In some embodiments, resource management tool 105 may be configured to track the occurrence of certain system-initiated events external to the application 115 that may affect measured utilization and/or application performance. For example, in embodiments where application 115 is executed on platforms employing garbage collection for automated memory management, a garbage collection event may temporarily significantly affect application throughput as well as memory and CPU utilization. Certain JVMs, may, for example, schedule so-called “stop-the-world” garbage collection events from time to time, during which application activity is paused and only garbage collection operations are performed. If one or more of the measurements recorded by resource management tool 105 happen to coincide with garbage collection events, those measurements may not represent steady-state application behavior. Accordingly, in some embodiments, resource management tool 105 may be configured to detect garbage collection events (e.g., using interfaces provided by JVMs, or as a result of deductions based on observed values of utilization, throughput etc.) and discard measurement data points that happen to coincide with garbage collection events. In one embodiment, when determining baseline and per-request values for memory utilization, resource management tool 105 may be configured to use regression only on memory utilization data gathered between successive garbage collection events to ensure that the release of memory during garbage collection does not skew the calculations. For example, after a garbage collection event completes, JVM heap memory size may be sampled as a function of concurrency until the next garbage collection event occurs, and only the heap size values recorded between the garbage collection events may be used to determine the baseline and per-request heap memory consumption. It is noted that multiple sets of heap size samples may be taken to obtain a representative set of heap memory consumption values, where each sample set is gathered between a respective pair of garbage collection events. In some embodiments where the scheduling of garbage collection events may be controlled by configurable parameters, resource management tool 105 may be configured to schedule garbage collection events to support the gathering of a large number of heap usage samples between successive garbage collections. In one embodiment, resource management tool 105 may be configured to force garbage collection events at specific points in time to aid in the gathering of a desired number of heap size samples.
As noted earlier, a target platform 150 for application 115 may differ from a reference platform 110 in a number of characteristics, such as total processing capacity, total memory, number of cluster nodes, number of processors, processor architecture, and processor vendor.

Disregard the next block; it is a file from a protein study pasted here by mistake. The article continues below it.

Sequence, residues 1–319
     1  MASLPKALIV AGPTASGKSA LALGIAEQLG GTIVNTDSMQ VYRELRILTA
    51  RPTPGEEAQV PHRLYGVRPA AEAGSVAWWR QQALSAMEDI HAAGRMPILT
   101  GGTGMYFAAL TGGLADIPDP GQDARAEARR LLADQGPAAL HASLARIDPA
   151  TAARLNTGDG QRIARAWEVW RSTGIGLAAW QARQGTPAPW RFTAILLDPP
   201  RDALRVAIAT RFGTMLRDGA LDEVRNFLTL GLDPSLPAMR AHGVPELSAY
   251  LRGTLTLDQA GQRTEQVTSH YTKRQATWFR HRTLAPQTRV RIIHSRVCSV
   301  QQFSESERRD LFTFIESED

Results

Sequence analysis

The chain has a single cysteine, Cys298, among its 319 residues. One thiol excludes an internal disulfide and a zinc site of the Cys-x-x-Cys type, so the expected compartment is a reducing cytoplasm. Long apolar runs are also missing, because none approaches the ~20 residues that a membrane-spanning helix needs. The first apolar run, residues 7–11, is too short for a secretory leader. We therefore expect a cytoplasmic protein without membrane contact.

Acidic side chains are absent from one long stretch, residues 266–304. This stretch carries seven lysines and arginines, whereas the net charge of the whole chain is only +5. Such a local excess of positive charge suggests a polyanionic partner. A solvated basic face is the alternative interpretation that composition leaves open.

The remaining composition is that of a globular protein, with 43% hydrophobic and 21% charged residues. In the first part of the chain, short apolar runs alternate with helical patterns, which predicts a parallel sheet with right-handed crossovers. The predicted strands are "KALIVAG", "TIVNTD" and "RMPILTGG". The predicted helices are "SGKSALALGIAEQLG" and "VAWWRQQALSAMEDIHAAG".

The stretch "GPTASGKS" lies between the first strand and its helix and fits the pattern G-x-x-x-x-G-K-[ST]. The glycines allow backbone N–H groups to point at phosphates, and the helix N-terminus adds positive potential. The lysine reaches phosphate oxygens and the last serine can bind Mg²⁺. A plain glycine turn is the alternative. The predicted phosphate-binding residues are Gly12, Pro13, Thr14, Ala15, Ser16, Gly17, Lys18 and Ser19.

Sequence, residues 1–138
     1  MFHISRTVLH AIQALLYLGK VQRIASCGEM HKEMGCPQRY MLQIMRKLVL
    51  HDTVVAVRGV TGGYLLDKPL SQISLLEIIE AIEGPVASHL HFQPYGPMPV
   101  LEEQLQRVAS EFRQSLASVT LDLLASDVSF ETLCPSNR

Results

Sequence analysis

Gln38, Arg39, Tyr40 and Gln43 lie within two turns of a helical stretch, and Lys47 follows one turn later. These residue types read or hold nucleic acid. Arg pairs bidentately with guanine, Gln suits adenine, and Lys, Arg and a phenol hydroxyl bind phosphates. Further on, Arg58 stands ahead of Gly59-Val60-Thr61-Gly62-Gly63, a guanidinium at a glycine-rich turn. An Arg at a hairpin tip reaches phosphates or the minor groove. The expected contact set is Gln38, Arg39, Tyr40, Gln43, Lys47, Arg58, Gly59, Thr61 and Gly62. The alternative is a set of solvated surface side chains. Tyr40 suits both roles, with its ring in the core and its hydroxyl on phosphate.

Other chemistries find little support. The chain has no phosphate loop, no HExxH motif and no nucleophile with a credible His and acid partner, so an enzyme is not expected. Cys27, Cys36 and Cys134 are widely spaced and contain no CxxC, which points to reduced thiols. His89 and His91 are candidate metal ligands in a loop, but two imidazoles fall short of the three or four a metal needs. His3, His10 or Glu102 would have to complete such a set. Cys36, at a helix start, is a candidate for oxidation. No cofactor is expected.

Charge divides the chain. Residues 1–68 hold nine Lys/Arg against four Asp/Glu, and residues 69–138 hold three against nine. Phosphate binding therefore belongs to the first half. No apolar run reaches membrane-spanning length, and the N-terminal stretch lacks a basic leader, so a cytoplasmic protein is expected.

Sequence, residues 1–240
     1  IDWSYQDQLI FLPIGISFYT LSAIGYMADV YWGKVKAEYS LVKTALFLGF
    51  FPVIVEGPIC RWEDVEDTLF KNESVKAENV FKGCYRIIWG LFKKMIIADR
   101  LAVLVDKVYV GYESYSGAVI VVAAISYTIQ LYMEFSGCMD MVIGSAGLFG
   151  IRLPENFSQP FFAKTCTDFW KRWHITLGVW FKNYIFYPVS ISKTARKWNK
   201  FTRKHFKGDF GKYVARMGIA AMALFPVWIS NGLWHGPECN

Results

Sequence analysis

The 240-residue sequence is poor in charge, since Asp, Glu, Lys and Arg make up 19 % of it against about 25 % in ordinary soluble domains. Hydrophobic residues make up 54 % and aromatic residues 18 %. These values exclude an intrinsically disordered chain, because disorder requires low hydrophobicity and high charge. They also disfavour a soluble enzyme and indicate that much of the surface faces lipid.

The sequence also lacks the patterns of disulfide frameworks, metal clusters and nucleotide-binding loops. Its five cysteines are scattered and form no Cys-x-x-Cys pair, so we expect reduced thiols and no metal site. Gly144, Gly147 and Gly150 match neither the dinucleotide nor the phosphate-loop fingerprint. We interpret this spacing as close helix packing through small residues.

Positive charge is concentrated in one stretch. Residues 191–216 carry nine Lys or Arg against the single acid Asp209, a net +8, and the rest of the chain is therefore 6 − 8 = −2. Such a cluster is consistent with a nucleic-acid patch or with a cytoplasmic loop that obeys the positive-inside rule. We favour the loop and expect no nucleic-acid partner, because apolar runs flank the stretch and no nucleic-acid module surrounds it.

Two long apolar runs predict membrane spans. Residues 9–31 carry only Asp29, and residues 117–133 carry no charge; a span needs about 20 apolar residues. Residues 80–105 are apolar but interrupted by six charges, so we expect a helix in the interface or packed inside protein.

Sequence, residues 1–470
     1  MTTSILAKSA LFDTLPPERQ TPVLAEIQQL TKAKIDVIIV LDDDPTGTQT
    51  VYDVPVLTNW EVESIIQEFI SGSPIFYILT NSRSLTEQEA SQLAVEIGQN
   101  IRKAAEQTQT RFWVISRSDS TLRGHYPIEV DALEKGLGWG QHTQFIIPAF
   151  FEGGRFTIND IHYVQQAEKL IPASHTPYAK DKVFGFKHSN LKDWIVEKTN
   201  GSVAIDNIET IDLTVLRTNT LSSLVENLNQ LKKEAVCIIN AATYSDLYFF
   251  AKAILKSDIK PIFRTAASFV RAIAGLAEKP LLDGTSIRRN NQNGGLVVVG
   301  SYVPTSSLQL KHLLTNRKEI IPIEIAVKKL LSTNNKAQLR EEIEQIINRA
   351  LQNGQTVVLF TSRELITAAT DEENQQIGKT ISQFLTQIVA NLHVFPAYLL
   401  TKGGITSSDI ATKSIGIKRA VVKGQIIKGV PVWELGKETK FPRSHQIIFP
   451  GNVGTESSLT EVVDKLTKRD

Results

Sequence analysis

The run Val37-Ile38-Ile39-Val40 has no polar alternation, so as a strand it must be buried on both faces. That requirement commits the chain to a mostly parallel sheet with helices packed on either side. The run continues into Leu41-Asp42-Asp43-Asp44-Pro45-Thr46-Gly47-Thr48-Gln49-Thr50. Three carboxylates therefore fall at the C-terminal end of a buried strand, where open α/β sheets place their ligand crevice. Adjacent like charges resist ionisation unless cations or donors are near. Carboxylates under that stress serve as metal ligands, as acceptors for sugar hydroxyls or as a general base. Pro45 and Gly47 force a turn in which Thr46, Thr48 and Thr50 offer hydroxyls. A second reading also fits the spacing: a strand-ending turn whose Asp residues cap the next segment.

In some embodiments, resource management tool 105 and/or instrumentation/monitoring infrastructure 125 may be included within an operating system, a storage management software product or another software package, while in other embodiments, resource management tool 105 may be packaged as a standalone product. In one embodiment, a plurality of analytic performance tools 180, each using a different algorithm and/or different sets of input parameters, may be available for use by resource management tool 105, and a specific analytic performance tool 105 may be selected for use via a pluggable programming interface or a configuration parameter. In some embodiments, part or all of the functionality of instrumentation/monitoring infrastructure 125 and/or resource management tool 105 may be implemented via one or more hardware devices (e.g., via one or more Field Programmable Gate Array (FPGA) devices) or in firmware.
Although the embodiments above have been described in considerable detail, numerous variations and modifications will become apparent to those skilled in the art once the above disclosure is fully appreciated. It is intended that the following claims be interpreted to embrace all such variations and modifications.
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|U.S. Classification||717/121, 709/223|
|Nov 10, 2005||AS||Assignment|
Owner name: VERITAS OPERATING CORPORATION, CALIFORNIA
Free format text: ASSIGNMENT OF ASSIGNORS INTEREST;ASSIGNORS:PALCZAK, CHARLES;SHAIN, TOMER;SIGNING DATES FROM 20051103 TO 20051107;REEL/FRAME:017249/0776
|Sep 26, 2007||AS||Assignment|
Owner name: SYMANTEC CORPORATION, CALIFORNIA
Free format text: CHANGE OF NAME;ASSIGNOR:VERITAS OPERATING CORPORATION;REEL/FRAME:019872/0979
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|Mar 5, 2012||AS||Assignment|
Owner name: SYMANTEC OPERATING CORPORATION, CALIFORNIA
Free format text: CORRECTIVE ASSIGNMENT TO CORRECT THE ASSIGNEE PREVIOUSLY RECORDED ON REEL 019872 FRAME 979. ASSIGNOR(S) HEREBY CONFIRMS THE ASSIGNEE IS SYMANTEC OPERATING CORPORATION;ASSIGNOR:VERITAS OPERATING CORPORATION;REEL/FRAME:027819/0462
Effective date: 20061030
|Dec 23, 2013||FPAY||Fee payment|